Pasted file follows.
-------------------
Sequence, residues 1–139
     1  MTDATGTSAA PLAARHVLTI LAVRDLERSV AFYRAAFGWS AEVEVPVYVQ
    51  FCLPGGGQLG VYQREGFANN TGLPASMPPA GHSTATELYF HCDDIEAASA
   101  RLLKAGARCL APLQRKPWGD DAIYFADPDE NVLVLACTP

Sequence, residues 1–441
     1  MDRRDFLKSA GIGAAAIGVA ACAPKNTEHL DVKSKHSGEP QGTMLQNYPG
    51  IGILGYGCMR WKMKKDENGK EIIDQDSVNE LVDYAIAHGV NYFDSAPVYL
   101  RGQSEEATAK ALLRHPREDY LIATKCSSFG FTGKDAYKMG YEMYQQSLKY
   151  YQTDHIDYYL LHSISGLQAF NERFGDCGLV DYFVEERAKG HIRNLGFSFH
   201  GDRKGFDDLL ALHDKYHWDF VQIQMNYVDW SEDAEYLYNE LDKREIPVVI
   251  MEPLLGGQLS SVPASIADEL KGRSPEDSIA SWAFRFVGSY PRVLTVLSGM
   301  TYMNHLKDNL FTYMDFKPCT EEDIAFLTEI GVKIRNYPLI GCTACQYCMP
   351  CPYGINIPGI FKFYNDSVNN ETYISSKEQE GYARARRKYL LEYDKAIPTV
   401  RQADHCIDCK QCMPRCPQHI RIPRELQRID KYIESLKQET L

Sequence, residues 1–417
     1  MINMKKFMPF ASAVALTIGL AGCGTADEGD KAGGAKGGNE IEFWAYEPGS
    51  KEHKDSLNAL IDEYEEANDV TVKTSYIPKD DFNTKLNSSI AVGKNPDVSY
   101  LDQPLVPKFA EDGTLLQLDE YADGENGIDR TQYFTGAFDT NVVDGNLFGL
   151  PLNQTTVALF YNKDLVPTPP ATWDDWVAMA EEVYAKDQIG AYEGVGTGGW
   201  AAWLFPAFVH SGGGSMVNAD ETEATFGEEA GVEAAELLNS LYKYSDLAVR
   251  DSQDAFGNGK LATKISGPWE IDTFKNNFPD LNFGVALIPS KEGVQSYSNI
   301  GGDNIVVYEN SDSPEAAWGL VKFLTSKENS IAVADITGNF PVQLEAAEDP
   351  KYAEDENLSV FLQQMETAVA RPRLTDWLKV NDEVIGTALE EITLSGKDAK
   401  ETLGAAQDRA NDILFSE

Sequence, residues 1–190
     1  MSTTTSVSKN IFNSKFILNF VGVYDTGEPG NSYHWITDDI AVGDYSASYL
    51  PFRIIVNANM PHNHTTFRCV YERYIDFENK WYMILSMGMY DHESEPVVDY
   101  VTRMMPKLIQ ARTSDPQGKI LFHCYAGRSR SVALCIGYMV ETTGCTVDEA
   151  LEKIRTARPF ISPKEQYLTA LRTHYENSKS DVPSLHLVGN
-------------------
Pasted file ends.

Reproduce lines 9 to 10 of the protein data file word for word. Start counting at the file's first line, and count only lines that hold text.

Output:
   151  YQTDHIDYYL LHSISGLQAF NERFGDCGLV DYFVEERAKG HIRNLGFSFH
   201  GDRKGFDDLL ALHDKYHWDF VQIQMNYVDW SEDAEYLYNE LDKREIPVVI